Indonesia, a diverse country made up of 14,000 islands, is a conglomeration of ethnic groups and tribes. Many of the islands were isolated from each other for many years. Even today, Prager says, it's often not easy for tourists or business people to travel between islands and Indonesians don't travel much to other islands themselves.
Because of this isolation, many islands developed unique ways and styles of creating their textiles. Batik, the process of producing designs on fabric using wax and dye baths, has perhaps reached its artistic height in Indonesia, though other cultures, including the Egyptians and certain Peruvian tribes, also use it.
Prager's other primary designer is an American who has lived on Bali since the 1980s. Lynn Ingle, originally from Louisiana, has degrees in textile design from U.S. schools, but set up shop in Asia. She's been creating collections for a few American shops for over 20 years. Ingle does her own batik designs and fabrics that are incredibly complicated. "Her work is fabulous. I can't believe that someone can do what she does with fabric," says Prager.
Prager calls Kioti's wares wearable art, and often gets compliments from customers that the store is like a refreshing, colorful and artistic oasis in a desert of bland, cookie-cutter garments. Kioti's customer isn't someone who needs a business suit for her job, rather someone who appreciates fabric and textiles. Perhaps she can wear the designs at work, depending on the career. Most definitely she wears them to dinner, the opera, or just hanging out with friends.
Kioti also carries designs that Prager dreams up herself. She finds the fabrics on her trips-silks from Thailand, Indonesian cottons and batiks, brocades from China-and has a specific shop in Bali create whatever she wants.
"It's fun, the choosing of the fabric, the hunting of the material," she laughs. "That's what got David and me into the antique business in the first place, and we've just continued into textiles and clothing."
Though the majority of the merchandise at Kioti, including sterling silver jewelry and purses, comes from Asia, Prager does carry an American-made line of cotton and linen casual wear and sweaters from Willow. She also sources from Guatemala, and from vendors who bring her tribal beads for the necklaces she makes herself. Even these accessories and clothing are more sophisticated and upscale than what one might think of as hand-woven and handmade from abroad.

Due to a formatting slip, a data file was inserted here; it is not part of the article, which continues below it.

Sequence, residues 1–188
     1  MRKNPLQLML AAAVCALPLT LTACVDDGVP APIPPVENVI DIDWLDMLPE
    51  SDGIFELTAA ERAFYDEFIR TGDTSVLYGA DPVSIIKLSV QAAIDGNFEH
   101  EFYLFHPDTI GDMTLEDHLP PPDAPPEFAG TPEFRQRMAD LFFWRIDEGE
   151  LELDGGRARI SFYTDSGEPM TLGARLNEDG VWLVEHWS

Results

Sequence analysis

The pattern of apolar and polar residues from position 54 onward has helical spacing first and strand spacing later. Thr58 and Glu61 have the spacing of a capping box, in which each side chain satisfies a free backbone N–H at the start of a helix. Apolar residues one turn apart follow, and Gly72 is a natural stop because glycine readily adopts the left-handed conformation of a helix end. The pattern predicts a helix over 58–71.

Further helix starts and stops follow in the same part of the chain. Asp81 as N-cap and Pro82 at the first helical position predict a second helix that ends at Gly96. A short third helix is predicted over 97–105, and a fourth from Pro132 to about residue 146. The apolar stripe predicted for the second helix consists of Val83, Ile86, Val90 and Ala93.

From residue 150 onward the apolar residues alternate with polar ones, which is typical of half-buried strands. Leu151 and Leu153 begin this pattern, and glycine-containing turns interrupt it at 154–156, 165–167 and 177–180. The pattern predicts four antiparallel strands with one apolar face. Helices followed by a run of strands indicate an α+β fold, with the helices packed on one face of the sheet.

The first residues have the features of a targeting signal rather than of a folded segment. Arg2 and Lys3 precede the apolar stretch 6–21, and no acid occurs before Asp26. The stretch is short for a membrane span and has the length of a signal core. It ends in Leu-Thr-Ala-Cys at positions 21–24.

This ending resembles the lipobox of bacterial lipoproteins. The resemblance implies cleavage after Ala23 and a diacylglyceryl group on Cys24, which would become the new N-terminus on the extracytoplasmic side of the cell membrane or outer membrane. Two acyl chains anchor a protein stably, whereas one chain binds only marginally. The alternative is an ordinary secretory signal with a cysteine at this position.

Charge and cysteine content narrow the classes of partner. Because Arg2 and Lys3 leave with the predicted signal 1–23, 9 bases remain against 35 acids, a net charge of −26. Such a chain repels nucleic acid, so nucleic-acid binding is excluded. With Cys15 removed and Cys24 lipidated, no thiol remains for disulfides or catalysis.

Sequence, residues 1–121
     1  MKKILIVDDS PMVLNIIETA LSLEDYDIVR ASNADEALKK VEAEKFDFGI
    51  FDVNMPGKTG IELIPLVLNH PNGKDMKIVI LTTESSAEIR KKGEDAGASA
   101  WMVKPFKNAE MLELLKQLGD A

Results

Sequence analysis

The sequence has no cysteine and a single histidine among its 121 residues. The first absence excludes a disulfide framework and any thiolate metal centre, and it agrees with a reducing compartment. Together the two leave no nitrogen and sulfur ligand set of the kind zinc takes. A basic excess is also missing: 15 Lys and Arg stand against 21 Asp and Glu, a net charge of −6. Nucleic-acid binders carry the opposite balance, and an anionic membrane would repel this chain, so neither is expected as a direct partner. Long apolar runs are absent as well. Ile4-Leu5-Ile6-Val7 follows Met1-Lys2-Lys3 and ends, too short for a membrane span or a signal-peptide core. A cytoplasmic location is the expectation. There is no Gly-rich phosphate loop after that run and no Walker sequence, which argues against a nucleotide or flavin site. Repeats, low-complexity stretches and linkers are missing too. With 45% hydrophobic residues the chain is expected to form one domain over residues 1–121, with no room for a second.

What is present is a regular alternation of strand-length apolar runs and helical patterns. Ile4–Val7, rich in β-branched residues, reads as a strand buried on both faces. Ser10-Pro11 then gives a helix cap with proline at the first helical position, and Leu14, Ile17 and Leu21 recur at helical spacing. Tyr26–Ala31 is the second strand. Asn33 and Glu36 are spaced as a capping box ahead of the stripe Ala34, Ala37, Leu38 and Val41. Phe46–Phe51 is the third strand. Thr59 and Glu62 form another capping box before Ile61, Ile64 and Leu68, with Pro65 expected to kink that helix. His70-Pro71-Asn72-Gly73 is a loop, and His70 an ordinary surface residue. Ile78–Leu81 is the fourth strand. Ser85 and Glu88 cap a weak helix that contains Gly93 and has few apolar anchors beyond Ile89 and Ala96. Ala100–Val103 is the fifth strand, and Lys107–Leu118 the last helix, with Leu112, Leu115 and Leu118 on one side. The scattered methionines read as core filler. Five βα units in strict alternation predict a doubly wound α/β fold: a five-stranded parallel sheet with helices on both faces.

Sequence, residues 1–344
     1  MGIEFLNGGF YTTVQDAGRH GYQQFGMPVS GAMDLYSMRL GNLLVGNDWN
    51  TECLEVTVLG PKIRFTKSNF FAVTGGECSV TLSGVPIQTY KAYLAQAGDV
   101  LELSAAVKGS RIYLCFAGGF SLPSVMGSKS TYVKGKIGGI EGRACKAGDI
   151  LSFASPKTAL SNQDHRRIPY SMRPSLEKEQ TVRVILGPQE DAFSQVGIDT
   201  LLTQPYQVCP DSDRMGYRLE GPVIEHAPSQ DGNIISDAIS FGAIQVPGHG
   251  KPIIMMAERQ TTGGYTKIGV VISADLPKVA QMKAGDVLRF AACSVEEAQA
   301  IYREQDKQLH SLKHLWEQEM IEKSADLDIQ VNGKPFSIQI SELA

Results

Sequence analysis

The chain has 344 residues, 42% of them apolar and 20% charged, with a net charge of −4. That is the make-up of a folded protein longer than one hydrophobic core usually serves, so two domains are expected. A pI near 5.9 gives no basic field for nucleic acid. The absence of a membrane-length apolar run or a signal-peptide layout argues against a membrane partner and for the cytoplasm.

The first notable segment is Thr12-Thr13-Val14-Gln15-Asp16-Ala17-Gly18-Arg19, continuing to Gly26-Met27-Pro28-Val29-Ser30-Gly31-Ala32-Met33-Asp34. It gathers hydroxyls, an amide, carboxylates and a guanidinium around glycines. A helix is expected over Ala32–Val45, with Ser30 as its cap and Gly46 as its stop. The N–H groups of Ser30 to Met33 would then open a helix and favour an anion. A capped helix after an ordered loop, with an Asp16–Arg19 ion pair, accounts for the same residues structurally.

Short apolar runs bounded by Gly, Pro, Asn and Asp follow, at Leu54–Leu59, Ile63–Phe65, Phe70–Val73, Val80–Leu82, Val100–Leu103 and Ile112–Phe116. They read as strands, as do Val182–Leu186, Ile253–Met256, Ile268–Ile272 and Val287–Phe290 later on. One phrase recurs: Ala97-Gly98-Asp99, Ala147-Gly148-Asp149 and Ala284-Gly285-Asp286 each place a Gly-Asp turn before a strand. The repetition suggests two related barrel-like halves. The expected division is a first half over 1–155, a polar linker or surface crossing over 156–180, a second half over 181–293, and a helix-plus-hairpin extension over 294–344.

"We have some Hmong jackets put together for us from tribal clothing in Thailand. But we try to make it so that someone says it looks Asian, but doesn't look like folk-wear. It's definitely upscale."
With two grown children, two grandchildren and another on the way, Prager relishes the time she gets to spend with family. Her older daughter has developed a love for travel-spending time on her own in Nepal-because of the trips that she took with her parents when she was a girl.
Zoe, Prager's younger daughter, will keep Prager going abroad for a while, too. "We can't retire because of our little girl, so we'll have the shop as long as can. We're connected to Indonesia and know lots of people there, and have been part of their lives for a long time. But we don't see ourselves living there, because of our family in the United States. We can't imagine being that far away from our grandkids. But we've still got lots of wonderful places to explore. We're definite Asiaphiles, especially with our daughter."
Like Ming Ming, who saw her mother's interaction with Prager and became a designer herself, Zoe thinks she might like to be a clothing designer when she grows up. "She's certainly seeing a good example of hard working people," Prager says. "And one thing that's so wonderful about her being a Chinese girl and visiting Asia, she's the majority there, where her parents are the minority."
Kioti is located in the Sanbusco Market Center at 500 Montezuma in Santa Fe. The store hours are 10 a.m to 5 p.m. 505.984.9836.